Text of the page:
The industrial development agency for our area is named the “County of Oswego Industrial Development Agency”.  The Board was established August 27, 2008 and the current Board of Directors include: Gary Toth, Chair, Tom Kells, Leonard Schick, Nick Canale, Barry Trimble, Morris Sorbello and Tim Stahl. The executive management of the IDA includes L. Michael Treadwell, Chief Executive Officer; Kevin LaMontagne, Chief Financial Officer; Barclay Damon LLP, Bond Counsel; Kevin Caraccioli, General Counsel. For more information visit: https://www.oswegocountyida.org/

     2020-2021 Property Tax Cap Calculation

  • All in Favor-Cast your vote for student success

    Your local school board makes the decisions that determine how your community’s children are educated and how your tax dollars are spent. Voting for school board members is a simple but powerful way to support student success and strengthen your community.


    The decisions made by the school board affect virtually every important aspect of local schools, from boundaries to bus schedules, curriculum to clubs, funding to field trips.

    • The school board hires the superintendent, the “chief education officer” responsible for managing district staff and operations.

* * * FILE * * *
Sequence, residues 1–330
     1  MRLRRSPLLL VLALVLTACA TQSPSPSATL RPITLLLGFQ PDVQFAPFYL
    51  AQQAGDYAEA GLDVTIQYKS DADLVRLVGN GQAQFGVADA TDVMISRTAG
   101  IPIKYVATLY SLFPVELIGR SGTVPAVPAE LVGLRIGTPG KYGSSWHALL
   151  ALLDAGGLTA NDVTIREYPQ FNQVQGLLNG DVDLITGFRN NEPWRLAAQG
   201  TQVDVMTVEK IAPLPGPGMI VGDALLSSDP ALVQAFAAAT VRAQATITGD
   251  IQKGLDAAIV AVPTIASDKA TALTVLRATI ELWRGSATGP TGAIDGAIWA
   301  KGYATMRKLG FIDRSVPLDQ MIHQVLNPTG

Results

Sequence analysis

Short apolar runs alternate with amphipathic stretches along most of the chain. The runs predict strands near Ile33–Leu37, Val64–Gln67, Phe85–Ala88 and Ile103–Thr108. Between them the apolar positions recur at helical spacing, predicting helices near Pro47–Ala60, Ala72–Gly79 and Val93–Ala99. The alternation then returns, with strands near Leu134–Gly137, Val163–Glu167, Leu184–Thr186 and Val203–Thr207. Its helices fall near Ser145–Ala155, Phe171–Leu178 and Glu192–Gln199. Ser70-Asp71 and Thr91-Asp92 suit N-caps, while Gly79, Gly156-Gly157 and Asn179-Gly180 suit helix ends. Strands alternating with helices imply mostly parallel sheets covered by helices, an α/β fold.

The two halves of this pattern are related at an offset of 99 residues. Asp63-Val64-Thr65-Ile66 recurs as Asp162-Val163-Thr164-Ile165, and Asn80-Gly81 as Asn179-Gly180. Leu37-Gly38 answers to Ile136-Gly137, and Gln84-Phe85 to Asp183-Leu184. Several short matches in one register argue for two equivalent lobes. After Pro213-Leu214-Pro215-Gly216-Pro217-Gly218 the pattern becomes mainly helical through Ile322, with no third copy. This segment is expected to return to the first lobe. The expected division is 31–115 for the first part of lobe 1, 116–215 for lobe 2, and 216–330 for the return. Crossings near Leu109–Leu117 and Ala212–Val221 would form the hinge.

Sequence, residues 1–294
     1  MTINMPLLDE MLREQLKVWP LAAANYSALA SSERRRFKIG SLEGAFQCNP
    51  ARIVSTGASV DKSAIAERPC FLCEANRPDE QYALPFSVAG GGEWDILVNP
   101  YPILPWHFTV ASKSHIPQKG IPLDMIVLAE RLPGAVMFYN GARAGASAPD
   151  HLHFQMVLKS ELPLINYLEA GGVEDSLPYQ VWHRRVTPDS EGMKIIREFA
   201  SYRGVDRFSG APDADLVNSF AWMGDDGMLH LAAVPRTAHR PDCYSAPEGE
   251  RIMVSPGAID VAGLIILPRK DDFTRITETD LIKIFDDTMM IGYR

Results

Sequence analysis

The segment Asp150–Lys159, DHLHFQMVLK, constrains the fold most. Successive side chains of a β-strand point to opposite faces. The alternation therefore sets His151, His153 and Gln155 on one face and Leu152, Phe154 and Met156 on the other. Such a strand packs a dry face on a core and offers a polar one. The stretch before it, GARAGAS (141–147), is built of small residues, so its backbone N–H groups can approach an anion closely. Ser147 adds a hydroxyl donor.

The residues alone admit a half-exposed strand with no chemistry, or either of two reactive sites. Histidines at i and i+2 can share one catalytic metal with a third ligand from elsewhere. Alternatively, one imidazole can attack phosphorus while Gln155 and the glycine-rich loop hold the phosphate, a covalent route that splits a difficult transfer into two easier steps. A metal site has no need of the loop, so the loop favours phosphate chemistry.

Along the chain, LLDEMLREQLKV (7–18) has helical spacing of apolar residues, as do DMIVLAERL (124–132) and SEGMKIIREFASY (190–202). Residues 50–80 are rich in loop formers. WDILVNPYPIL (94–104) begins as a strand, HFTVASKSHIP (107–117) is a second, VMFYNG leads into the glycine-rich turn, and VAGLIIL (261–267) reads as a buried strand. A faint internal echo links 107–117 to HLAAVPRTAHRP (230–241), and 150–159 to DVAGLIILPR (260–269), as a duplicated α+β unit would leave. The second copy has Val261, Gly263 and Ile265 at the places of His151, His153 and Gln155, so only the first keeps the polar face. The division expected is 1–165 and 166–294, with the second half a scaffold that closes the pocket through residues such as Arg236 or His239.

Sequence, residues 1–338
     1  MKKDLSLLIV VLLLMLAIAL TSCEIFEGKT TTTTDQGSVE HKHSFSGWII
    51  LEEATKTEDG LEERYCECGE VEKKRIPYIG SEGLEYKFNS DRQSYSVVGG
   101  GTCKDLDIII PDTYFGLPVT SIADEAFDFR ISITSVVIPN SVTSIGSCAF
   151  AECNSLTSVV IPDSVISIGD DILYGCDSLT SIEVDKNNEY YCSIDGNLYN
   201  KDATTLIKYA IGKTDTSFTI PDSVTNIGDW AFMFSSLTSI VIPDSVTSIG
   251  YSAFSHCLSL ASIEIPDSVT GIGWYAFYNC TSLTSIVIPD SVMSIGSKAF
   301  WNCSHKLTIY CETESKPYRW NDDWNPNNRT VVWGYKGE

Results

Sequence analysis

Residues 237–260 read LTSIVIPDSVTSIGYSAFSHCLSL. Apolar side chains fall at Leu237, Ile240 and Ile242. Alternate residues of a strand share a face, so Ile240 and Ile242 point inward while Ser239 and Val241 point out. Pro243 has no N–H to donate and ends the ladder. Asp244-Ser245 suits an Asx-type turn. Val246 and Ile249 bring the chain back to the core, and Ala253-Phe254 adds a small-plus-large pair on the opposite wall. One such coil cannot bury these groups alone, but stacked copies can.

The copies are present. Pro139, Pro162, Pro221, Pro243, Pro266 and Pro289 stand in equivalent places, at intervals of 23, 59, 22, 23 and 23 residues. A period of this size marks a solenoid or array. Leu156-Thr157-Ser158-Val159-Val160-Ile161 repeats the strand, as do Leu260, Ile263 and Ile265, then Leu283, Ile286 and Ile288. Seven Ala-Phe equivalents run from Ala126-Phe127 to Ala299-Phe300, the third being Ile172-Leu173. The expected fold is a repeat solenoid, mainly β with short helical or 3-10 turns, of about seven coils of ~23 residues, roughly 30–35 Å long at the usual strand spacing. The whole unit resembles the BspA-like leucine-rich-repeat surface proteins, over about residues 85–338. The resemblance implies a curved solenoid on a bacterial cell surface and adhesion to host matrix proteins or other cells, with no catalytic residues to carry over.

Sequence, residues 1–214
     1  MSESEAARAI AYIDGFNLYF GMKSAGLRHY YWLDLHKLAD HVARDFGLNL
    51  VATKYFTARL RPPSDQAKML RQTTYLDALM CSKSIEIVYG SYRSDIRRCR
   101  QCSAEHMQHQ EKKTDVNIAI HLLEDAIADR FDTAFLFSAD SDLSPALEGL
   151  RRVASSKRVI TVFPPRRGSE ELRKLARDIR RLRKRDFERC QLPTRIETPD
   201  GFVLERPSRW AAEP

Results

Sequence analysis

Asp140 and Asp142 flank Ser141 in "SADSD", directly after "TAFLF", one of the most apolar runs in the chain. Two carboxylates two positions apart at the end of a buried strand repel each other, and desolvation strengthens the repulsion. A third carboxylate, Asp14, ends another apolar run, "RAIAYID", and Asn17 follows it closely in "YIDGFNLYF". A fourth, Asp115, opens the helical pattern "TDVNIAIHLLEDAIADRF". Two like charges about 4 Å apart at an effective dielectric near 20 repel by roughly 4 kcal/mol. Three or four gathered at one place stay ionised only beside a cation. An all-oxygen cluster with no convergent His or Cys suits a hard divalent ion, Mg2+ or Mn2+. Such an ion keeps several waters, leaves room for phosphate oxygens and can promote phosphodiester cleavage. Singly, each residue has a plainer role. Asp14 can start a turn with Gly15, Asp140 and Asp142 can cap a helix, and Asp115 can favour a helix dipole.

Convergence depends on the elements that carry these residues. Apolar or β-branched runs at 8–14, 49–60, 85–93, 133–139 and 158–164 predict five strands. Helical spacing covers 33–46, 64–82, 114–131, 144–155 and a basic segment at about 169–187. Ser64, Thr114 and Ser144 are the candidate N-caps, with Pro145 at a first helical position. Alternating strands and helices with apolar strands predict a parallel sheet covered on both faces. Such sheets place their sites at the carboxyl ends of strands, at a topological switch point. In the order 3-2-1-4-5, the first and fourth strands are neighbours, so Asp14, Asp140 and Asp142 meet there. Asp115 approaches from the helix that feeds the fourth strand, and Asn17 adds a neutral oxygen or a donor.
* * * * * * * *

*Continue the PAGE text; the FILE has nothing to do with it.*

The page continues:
• The school board sets the priorities and adopts the budget that determine how millions in federal, state and local tax dollars are spent.

    • The school board sets goals for student achievement and evaluates progress toward those goals.

    • The school board decides how school boundaries are drawn and whether schools are constructed or closed.

    • The school board sets the policies that determine which courses and programs are offered and what texts, tools and technology are purchased.

    • The school board, as the community’s elected representatives and fiscal stewards, ensures the district education program is in compliance with New York State laws and regulations.

    Voting in school board elections means your voice is represented in those choices.


    Everyone — not just parents — has a stake in the success of public schools. When schools are strong and students succeed, everyone benefits.

    • Good schools are good business – they attract employers, strengthen the local economy and enhance property values.

    • Good schools ensure our students will be prepared to keep our nation competitive in a global economy.

    • Good schools keep the American Dream alive with an opportunity for every child to receive a world-class education.